The libGDX project is a cross-platform game development library written in Java, with some JNI code for performance hungry sections. It abstracts away the differences between writting desktop, Android and HTML5 games based on standards like OpenGL ES/WebGL. Applications can be prototyped and developed entirely on the desktop, then only 6 lines of code are needed to run your app on Android or HTML5.
This engine is perfectly suited to my needs. Everything works very well, it is completely flexible, contains lots of support for third party libraries. Most importantly for me, it got rid of weeks of work implementing OpenGL, audio processing, allows for publishing on a wide range of platforms, all without the annoying, often incompatible, and very strict developer interfaces and heavy engine code (which often isn't even used) from engines like Unity. Couldn't think of a flaw to name so far.
After using this engine for well over a year for multiple games and test demos, I can honestly say it's grown to an amazing state. It provides a natural feel for object oriented programming and game design, making it a high-level framework that one can jump right into using, unlike low-level alternatives like SDL. Additionally, the freedom it provides programmers with still providing access to low-level functions and opengl wrappings make it ideal for anyone familiar with Java who wants to fiddle with all degrees of development.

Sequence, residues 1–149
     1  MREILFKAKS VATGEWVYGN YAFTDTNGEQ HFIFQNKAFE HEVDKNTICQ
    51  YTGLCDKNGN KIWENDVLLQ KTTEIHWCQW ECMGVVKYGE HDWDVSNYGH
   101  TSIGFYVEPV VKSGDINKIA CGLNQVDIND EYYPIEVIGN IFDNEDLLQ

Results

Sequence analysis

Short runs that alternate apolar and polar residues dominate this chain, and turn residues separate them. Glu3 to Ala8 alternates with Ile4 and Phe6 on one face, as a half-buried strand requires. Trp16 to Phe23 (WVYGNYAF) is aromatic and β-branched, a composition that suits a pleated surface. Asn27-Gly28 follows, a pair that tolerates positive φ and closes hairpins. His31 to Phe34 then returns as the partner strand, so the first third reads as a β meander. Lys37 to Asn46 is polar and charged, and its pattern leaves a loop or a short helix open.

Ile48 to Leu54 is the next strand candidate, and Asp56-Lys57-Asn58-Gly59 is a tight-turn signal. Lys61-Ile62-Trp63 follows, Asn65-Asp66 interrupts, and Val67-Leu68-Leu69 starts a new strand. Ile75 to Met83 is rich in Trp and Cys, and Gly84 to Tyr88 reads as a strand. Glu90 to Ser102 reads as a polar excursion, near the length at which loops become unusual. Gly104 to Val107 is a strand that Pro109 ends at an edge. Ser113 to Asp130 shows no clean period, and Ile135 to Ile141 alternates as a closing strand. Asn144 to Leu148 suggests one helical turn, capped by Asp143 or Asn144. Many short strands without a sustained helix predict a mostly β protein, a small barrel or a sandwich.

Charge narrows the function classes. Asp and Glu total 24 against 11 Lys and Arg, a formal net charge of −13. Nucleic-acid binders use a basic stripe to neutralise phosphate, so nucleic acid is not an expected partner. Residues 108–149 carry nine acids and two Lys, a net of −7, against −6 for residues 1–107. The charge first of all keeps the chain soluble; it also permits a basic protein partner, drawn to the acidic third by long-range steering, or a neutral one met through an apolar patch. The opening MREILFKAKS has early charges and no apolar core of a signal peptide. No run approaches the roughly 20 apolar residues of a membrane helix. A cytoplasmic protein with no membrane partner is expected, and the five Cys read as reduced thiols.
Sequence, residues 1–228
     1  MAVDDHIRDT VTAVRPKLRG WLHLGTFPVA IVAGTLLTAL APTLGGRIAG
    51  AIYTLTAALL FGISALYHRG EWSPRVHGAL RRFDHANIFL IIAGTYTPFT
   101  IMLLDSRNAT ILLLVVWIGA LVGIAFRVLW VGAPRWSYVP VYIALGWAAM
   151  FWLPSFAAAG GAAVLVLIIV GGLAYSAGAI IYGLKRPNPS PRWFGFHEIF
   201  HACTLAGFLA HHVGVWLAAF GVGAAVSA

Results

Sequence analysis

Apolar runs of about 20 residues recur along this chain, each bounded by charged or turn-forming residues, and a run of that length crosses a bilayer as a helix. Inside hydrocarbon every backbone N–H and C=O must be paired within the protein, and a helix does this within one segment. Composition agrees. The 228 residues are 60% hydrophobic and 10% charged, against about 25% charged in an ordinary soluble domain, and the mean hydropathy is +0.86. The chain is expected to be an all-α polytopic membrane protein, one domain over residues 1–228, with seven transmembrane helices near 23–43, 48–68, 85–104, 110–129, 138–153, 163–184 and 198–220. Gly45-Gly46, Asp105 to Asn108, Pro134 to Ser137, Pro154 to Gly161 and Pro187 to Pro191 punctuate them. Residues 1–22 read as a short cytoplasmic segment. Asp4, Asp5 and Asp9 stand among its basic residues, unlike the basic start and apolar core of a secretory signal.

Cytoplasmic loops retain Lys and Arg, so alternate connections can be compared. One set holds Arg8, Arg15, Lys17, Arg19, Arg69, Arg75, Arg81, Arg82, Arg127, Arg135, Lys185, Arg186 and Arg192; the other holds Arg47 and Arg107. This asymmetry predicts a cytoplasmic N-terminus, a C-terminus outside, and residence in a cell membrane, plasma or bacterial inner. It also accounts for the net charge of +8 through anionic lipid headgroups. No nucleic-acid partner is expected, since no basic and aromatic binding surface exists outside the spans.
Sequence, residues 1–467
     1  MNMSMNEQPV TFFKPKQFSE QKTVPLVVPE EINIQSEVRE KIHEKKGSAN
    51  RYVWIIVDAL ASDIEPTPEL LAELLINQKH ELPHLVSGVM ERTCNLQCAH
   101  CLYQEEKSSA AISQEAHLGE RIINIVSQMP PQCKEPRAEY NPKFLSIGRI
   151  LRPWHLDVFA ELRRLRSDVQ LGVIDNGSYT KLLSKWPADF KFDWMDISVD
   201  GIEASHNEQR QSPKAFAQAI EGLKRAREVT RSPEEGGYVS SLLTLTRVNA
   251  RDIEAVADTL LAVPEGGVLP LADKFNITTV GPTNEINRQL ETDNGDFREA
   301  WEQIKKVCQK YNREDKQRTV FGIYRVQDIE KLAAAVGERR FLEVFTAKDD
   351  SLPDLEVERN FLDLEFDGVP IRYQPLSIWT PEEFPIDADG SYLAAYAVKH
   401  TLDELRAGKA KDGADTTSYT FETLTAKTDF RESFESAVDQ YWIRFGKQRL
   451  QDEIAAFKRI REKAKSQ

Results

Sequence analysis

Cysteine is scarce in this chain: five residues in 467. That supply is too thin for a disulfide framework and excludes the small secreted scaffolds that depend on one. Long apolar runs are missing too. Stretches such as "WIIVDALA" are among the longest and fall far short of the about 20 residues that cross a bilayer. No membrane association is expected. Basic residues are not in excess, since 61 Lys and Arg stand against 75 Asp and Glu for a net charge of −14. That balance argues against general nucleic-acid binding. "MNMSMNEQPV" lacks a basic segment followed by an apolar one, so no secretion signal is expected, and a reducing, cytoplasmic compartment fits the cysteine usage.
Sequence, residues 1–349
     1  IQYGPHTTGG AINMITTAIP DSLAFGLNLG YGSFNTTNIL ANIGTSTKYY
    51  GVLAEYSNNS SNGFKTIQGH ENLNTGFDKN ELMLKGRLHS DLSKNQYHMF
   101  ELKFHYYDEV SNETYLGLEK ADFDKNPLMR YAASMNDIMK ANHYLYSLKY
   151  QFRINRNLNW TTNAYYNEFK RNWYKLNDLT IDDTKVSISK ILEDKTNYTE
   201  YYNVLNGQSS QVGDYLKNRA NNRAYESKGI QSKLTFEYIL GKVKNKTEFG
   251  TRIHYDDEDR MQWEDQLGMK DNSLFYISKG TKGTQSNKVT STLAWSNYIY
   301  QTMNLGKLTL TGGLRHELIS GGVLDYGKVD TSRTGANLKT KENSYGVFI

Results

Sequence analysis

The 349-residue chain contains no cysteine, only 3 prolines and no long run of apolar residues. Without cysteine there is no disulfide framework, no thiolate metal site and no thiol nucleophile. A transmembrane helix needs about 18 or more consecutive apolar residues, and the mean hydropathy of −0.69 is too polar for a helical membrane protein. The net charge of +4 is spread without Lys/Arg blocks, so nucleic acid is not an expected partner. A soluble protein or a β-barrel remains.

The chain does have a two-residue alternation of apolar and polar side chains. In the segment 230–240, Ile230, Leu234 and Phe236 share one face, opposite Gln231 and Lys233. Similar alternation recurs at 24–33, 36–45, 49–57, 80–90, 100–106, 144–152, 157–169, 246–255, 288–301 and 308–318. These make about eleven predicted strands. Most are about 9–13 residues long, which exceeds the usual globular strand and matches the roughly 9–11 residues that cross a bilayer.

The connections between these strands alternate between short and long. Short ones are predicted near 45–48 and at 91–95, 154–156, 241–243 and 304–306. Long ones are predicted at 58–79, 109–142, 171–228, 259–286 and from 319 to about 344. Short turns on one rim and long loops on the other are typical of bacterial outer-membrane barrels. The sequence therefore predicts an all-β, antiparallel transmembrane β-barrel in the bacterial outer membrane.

It addresses short-comings of the language's api, it's highly portable and cross-platform, and best of all it has an extremely active development team. A few years ago it was just a little LWJGL wrapper, but now it's truly a project worth recognizing and is a dream to work with. XNA/Monogame barely even compare to the amount of out-of-the-box features LibGDX provides, as well with the amount of control you get from it.